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 Post subject: Re: Dieties in TROS
PostPosted: Thu Apr 02, 2009 7:40 am 
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higgins wrote:
Ian.Plumb wrote:
Which, in my opinion, doesn't work. This to me looks like a monotheistic model applied to a pantheon.
And it doesn't work because...?

Allow me to answer in Ian’s stead, as we seem to be on a similar page (like so often :roll: ).

There are many differences between ancient polytheistic and medieval monotheistic religion, but many an be overcome easily. It is not disruptive to suppose some kind of ecclesiastical hierarchy for polytheistic systems, and even a moral code, if done with great care, is to some extant possible.

The main problem I see is the (medieval and monotheistic) assumptio that religions and even deities within the same religion rival each other for adherents. For once (and most important to me personally), this is just extremely alien for polytheism, no less absurd than an antagonism between God Father and God Son in Christianity would be, and no less alien than the Pope saying that he doesn’t know wether the Bible or the Quran is right. Any level of religious antagonism in polytheism does just feel completely wrong.

Then (but less important for me) it is also an imbalanced situation. Throughout human history before the modern times, whenever various religious believes vied with each other, in any given political entity one did eventually gain ascendency over all others and oust them. A struggle is not a stable situation; if the goddess of fertility vied with the god of commerce for adherents, one would eventually triumph over the other.
You wouls arrive at something religious science calls henotheism. This is a development of polytheism in which all gods are acknowledged, but one among them is held to dwarve all others, to the point where this one deity is turned to for everything and the others are not actively venerated anymore, without actually being denied. This is what happened to the goddess Isis in Roman Egypt.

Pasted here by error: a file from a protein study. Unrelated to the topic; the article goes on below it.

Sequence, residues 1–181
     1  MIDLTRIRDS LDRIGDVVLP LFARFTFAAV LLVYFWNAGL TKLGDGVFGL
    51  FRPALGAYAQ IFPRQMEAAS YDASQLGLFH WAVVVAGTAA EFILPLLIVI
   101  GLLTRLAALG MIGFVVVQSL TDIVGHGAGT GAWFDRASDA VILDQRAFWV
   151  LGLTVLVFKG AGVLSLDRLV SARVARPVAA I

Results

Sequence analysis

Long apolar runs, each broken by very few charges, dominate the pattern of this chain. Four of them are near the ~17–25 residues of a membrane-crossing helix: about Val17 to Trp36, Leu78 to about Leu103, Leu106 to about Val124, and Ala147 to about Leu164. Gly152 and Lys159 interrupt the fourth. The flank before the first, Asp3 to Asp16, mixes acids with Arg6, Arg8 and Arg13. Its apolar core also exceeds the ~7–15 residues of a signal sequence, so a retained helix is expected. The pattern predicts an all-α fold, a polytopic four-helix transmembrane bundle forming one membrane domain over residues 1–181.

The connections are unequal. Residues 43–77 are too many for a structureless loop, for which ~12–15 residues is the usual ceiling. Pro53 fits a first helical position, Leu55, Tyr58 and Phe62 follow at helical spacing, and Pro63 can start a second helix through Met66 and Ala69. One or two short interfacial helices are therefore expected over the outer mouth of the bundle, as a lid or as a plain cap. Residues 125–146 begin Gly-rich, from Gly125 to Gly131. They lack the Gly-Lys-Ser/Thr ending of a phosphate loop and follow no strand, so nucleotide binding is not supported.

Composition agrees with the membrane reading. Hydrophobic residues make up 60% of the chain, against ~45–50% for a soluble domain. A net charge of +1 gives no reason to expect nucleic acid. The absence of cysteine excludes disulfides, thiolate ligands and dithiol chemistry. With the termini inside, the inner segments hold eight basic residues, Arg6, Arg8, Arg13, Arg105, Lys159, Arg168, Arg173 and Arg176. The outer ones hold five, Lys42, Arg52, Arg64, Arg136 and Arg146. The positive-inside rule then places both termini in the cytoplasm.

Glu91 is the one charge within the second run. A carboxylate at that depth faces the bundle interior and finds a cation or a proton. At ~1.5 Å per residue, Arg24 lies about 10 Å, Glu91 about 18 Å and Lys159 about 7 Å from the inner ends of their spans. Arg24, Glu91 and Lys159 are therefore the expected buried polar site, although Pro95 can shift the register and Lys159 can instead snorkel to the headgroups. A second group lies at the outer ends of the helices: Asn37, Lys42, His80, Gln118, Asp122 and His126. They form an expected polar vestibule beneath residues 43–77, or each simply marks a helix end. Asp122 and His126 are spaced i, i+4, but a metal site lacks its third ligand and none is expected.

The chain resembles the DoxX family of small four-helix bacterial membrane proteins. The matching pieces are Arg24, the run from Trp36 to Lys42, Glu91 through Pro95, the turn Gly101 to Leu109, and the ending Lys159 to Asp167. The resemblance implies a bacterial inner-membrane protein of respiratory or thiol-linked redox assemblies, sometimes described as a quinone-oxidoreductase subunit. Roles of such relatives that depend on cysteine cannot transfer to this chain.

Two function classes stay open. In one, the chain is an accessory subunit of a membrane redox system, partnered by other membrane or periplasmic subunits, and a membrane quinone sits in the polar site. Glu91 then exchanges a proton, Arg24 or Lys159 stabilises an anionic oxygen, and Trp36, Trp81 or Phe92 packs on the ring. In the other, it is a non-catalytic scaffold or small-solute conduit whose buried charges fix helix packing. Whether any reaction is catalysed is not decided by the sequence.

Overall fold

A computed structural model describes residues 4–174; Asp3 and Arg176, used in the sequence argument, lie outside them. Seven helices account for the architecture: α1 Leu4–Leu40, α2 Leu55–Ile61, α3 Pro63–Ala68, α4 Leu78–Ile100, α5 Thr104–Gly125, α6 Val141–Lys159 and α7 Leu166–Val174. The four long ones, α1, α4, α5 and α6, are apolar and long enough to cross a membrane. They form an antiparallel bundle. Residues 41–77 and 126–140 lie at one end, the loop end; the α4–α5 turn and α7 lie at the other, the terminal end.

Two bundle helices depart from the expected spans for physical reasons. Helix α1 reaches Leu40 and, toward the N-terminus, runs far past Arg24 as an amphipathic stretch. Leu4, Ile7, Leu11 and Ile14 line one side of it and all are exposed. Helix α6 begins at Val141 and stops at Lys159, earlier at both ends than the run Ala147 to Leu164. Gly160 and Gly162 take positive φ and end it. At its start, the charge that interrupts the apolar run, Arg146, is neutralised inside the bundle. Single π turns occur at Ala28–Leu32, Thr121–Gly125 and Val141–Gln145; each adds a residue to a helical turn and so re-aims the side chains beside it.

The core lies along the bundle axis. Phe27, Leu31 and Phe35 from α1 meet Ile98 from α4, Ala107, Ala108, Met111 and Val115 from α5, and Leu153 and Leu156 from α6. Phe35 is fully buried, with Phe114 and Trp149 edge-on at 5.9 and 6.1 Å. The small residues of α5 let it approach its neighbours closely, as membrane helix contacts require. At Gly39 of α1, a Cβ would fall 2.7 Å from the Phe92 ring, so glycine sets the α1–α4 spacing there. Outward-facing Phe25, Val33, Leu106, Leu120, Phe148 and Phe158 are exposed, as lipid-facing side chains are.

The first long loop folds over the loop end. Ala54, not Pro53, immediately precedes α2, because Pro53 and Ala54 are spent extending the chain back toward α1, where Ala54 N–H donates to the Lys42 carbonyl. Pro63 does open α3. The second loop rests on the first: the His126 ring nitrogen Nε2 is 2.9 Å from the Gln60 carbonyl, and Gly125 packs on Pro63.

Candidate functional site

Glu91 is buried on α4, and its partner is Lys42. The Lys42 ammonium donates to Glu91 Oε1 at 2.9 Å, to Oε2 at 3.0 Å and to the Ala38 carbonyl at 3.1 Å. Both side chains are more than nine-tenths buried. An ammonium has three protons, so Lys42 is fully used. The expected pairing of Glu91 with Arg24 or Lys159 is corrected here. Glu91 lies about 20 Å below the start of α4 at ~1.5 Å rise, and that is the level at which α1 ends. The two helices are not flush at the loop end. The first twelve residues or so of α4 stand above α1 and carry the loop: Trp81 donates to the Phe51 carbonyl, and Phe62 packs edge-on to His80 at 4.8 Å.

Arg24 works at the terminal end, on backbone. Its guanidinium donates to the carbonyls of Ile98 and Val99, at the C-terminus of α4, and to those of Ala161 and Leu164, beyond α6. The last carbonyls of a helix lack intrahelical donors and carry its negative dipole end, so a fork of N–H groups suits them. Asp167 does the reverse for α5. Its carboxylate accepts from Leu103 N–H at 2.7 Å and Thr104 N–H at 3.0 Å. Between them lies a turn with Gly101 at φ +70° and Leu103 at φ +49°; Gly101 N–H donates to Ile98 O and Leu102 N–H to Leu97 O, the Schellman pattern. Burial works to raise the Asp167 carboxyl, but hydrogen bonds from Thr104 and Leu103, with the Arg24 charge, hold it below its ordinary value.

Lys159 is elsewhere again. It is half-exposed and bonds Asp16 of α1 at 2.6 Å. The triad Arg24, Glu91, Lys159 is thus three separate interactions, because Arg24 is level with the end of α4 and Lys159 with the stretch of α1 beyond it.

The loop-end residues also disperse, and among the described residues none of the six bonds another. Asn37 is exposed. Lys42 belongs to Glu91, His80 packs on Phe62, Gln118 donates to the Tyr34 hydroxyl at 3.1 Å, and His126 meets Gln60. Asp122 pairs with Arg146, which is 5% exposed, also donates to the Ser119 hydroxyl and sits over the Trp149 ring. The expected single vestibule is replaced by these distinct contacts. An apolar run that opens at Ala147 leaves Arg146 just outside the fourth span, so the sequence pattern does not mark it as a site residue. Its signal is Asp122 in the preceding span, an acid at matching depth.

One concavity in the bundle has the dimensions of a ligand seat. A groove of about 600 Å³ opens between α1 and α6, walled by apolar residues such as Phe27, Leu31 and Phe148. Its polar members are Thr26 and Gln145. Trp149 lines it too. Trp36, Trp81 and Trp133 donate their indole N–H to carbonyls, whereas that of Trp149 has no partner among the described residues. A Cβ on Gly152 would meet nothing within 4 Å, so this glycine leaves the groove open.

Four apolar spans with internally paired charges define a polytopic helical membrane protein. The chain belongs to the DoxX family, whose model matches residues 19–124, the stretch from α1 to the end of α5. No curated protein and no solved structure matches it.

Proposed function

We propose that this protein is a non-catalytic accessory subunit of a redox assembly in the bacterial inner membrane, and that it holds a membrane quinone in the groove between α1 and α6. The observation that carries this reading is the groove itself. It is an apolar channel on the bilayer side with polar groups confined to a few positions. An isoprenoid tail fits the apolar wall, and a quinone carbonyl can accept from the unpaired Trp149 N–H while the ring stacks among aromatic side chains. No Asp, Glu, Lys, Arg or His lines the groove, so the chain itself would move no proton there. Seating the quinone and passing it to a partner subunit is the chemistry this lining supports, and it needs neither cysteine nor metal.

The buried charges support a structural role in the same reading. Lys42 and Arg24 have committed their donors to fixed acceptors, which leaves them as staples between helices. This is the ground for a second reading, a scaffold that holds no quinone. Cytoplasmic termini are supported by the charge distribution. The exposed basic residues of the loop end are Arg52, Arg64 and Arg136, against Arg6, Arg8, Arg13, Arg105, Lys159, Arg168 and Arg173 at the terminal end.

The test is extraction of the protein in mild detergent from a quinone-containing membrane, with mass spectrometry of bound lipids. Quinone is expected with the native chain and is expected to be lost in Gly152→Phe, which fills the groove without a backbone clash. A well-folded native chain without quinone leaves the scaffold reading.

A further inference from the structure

A polytheism where deities rival each other for adherents is not stable – a struggle is either abandoned or eventually decided, it can hardly go on forever undecided – it is merely a transitional stage from polytheism to henotheism, and henotheism is not polytheism.

And that’s why it is also problematic to give moral commandments to polytheistic systems. If the commandments of various deities somhow contradict ech other, this will sooner or later raise the question what way of life is the right one – if one deity forbids killing under all circumstances as sinful and another encourages or even demands it, clashes between adherents and ultimately clashes between the religious establishment itself are preprogrammed, and you’re again on the sliding slope towards henotheism.
If polytheistic systems are to be given moral codes (something no polytheism ever had), one has to take great care that they do not contradict each other in the least.

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 Post subject: Re: Dieties in TROS
PostPosted: Thu Apr 02, 2009 9:12 am 
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An interesting discussion. :) So, then in most of our games, religious themes have been in the lines of struggle towards henoteism and mainly, the religious character not being on the side of the temple that is growing in power. Some temples are banned, some tolerated (but for how long?) etc.

In my own game, it's sort of henotheism then, but not one god, but three came up on top, all of which are essential to the culture at hand (luck&commerce/sea&grief/night&information). Other areas have other gods on the top. And the religion doesn't give moral commandments, the priesthood does.

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 Post subject: Re: Dieties in TROS
PostPosted: Thu Apr 02, 2009 9:43 am 
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higgins wrote:
In my own game, it's sort of henotheism then, but not one god, but three came up on top, all of which are essential to the culture at hand (luck&commerce/sea&grief/night&information).

And are the three gods at peace or do they exist alongside each other in the same place with their teachings clashing with each other and them vieing with each other for adherents? If they do, your world seems most likely still on the slide towards true henotheism, where one god will finally have added all the others’ spiritual functions to his own, without those others loosing them – they just pale in comparison with this “super-god”.